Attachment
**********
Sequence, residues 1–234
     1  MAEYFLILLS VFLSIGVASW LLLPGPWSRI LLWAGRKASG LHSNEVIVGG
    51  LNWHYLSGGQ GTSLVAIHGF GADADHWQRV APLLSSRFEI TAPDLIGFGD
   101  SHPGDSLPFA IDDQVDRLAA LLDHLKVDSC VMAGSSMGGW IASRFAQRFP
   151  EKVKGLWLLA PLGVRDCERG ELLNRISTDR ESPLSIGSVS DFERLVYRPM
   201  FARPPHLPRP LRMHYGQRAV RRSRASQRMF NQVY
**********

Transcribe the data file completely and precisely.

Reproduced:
Sequence, residues 1–234
     1  MAEYFLILLS VFLSIGVASW LLLPGPWSRI LLWAGRKASG LHSNEVIVGG
    51  LNWHYLSGGQ GTSLVAIHGF GADADHWQRV APLLSSRFEI TAPDLIGFGD
   101  SHPGDSLPFA IDDQVDRLAA LLDHLKVDSC VMAGSSMGGW IASRFAQRFP
   151  EKVKGLWLLA PLGVRDCERG ELLNRISTDR ESPLSIGSVS DFERLVYRPM
   201  FARPPHLPRP LRMHYGQRAV RRSRASQRMF NQVY